Exercised: Why Something We Never Evolved to Do Is Healthy and Rewarding, by Daniel E. Lieberman. Pantheon Books, 2020. Reviewed by trail runner Laura Clark. Laura is an avid mountain, trail and snowshoe runner who lives in Saratoga Springs, NY, where she is a children’s librarian.
How many of us are exercised (read: upset, agitated) because of exercise? How many folks know exercise is “good” for them, but just can’t seem to summon up the willpower despite the well-known consequences like high blood pressure, heart attacks and diabetes that lack of exertion encourages? Surprisingly, Daniel Liberman, a professor of human evolutionary biology at Harvard University, and the brains behind the popular Born to Run movement, claims that our aversion to exercise per se is totally natural, as humans were designed to funnel their energy towards sustenance and procreation.
That is the reason why shaming and pure logic do not work. We are running into the wall of our natural instincts. It was a great relief to me to discover that I do not necessarily have to swing for one of those fancy standing desks. Sitting is not the new smoking. In fact, from his studies of the Tanzanian Hadza hunter-gatherer tribe, he estimates that they spend approximately ten hours a day sitting around, socializing, preparing food and clothes, taking care of children. Their exercise is restricted to necessary hunting and gathering duties. It almost seems as if they were Born to Rest and not Born to Run.
Our modern-day dilemma is that a car trip to the grocery store does not constitute a hunting/gathering expedition, even though with the recent COVID shortages it may seem that way. So how do we overcome our natural couch potato urge to get in our necessary daily steps? Certainly not with a Fitbit or other device which, once the novelty has worn off, only serves to layer on the guilt. The key is to make exercise either necessary or socially rewarding. Witness those in the initial throes of a born again wake-up call after a brush with a heart attack. But that only goes so far. The key, then, is to make voluntary exercise fun as our ancestors did when dancing or undertaking sporting competitions.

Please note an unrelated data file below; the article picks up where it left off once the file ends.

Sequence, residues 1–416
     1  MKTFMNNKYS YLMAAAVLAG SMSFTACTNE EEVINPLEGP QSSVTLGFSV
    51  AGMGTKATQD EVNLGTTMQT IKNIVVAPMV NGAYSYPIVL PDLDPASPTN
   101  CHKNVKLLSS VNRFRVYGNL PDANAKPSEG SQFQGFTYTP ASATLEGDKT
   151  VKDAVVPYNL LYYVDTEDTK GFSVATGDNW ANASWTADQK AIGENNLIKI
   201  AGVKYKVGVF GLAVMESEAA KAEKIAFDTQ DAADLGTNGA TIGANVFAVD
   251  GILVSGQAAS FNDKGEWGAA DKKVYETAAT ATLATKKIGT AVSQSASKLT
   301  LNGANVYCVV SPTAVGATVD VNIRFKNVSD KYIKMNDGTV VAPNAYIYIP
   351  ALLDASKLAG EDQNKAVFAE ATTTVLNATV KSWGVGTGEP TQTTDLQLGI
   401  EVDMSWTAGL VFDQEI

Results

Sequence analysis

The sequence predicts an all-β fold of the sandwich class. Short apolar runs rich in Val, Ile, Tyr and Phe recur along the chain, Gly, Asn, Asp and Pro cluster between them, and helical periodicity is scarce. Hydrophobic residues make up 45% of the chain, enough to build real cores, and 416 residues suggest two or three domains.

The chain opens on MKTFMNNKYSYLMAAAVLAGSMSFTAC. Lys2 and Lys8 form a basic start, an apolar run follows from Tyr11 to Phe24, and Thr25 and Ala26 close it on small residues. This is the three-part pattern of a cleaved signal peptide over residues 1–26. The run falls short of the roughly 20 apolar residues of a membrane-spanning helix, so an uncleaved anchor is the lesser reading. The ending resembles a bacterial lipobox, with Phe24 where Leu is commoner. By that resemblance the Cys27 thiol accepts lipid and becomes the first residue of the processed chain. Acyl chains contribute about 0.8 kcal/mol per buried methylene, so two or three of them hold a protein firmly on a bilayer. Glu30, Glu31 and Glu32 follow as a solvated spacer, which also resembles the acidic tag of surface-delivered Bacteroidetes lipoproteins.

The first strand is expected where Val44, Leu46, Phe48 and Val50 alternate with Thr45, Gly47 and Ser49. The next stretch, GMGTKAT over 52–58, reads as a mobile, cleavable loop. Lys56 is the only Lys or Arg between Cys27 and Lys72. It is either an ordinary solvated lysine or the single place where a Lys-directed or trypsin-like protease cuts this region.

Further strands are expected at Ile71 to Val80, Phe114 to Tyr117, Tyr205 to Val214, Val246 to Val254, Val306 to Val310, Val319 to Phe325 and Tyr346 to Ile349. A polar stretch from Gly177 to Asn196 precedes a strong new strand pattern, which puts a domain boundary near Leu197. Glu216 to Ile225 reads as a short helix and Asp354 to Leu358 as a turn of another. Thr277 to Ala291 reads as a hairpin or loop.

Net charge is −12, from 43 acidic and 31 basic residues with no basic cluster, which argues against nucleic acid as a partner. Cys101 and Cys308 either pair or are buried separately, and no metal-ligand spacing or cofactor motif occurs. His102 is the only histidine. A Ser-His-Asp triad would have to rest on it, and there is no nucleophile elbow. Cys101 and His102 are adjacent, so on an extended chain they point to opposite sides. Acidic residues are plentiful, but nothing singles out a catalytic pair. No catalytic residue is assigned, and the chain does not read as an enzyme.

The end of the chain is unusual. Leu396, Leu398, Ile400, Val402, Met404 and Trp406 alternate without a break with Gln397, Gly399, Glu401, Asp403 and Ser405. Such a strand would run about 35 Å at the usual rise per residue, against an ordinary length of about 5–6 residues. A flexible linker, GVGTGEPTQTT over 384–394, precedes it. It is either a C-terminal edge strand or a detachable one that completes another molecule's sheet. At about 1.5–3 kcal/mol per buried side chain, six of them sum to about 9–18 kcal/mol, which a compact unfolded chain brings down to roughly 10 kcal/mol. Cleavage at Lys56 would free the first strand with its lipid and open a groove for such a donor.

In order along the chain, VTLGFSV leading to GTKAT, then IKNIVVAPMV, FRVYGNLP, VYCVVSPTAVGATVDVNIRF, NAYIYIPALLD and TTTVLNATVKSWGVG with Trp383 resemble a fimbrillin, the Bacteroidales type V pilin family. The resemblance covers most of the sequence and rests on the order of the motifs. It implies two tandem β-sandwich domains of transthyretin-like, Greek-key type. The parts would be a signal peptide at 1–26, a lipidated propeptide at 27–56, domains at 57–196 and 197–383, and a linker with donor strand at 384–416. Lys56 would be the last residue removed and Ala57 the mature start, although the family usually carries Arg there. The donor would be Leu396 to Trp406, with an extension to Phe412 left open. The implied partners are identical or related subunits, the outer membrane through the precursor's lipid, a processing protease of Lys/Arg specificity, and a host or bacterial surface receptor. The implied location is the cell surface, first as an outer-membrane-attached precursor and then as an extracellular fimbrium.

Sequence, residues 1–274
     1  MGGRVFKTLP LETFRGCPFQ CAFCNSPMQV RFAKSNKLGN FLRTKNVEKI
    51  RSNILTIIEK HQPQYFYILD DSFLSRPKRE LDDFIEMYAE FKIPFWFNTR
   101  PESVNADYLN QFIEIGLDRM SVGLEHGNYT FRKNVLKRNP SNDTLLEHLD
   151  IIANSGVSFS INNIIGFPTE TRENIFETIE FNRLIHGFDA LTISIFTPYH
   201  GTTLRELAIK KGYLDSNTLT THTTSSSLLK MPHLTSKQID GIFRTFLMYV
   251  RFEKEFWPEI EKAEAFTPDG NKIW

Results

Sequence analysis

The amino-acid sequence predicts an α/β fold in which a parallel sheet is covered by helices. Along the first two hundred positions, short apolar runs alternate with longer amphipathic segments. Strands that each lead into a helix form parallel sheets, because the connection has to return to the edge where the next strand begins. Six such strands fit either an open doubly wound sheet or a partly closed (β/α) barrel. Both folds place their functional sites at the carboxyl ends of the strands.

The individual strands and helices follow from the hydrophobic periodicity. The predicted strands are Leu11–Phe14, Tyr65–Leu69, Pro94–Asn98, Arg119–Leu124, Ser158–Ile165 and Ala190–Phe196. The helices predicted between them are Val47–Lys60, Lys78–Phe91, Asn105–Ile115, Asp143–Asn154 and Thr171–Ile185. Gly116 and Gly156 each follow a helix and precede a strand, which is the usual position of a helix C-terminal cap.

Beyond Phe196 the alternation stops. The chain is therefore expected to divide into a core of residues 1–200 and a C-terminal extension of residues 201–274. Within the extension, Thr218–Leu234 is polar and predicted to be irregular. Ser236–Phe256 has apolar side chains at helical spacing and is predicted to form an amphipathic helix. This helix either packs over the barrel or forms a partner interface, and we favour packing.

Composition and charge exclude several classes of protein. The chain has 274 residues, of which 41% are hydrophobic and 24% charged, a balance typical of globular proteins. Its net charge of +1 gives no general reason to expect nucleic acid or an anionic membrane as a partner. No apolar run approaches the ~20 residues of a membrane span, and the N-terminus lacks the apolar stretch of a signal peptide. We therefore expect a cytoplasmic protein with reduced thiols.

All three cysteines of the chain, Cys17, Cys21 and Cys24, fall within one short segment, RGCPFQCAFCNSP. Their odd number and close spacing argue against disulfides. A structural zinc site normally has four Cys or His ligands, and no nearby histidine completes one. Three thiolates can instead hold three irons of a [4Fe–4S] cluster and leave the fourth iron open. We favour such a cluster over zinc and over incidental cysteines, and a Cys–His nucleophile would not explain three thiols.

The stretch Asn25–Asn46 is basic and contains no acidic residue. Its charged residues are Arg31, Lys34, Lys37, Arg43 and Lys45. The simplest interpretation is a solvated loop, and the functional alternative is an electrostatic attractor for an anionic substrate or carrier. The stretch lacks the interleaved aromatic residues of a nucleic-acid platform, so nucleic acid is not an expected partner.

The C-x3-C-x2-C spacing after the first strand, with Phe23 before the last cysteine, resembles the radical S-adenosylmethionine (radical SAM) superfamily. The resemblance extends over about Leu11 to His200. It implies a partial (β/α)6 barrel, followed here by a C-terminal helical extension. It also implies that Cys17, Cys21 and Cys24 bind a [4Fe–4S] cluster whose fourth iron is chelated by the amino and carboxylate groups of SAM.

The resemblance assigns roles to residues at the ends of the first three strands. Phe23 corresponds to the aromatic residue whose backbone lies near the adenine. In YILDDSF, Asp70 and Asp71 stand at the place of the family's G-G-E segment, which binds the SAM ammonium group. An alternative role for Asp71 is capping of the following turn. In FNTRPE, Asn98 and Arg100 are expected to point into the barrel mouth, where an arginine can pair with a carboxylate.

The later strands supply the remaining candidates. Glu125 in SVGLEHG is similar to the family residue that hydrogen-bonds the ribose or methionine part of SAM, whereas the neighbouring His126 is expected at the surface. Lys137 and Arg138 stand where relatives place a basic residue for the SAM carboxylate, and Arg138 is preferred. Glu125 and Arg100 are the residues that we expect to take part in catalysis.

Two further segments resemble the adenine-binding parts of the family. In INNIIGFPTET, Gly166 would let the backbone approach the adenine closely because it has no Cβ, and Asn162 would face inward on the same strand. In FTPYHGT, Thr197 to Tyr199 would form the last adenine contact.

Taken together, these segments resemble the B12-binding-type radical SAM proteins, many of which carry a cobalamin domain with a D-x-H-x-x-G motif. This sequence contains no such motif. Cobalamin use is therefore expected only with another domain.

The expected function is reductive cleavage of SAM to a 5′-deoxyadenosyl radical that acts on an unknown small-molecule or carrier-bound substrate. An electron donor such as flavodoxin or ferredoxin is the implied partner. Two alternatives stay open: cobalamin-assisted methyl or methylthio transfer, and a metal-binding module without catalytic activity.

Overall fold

Socially rewarding activities are the way to go as humans are basically group animals. Hence, the commitment of running clubs and buddies, as well as the lure of the before and after activities attached to sporting events, whether an Expo, chance at a raffle prize, or simply a detour for a celebratory beer. And, in this day of socially distancing, Strava and Facebook.
Before reading Lieberman’s book, I had always felt rather smug about my desire to get outdoors no matter what the weather. I simply enjoy the physical act of running in the woods, whether alone or with others. But now I get it. Before COVID I attended a twice-a-week weight class and while it was not my favorite thing to do, I attended for two reasons: I had laid down the money and I liked to see my friends. Now the class has been disbanded and while I know stretches are good for me I haven’t lifted a single weight since March. I delude myself that lugging around race stuff, groceries and digging in the garden and shoveling snow is enough. But it’s obviously not. I need a new strategy – perhaps as Lieberman suggests, rewarding myself. Stickers on a calendar, anyone?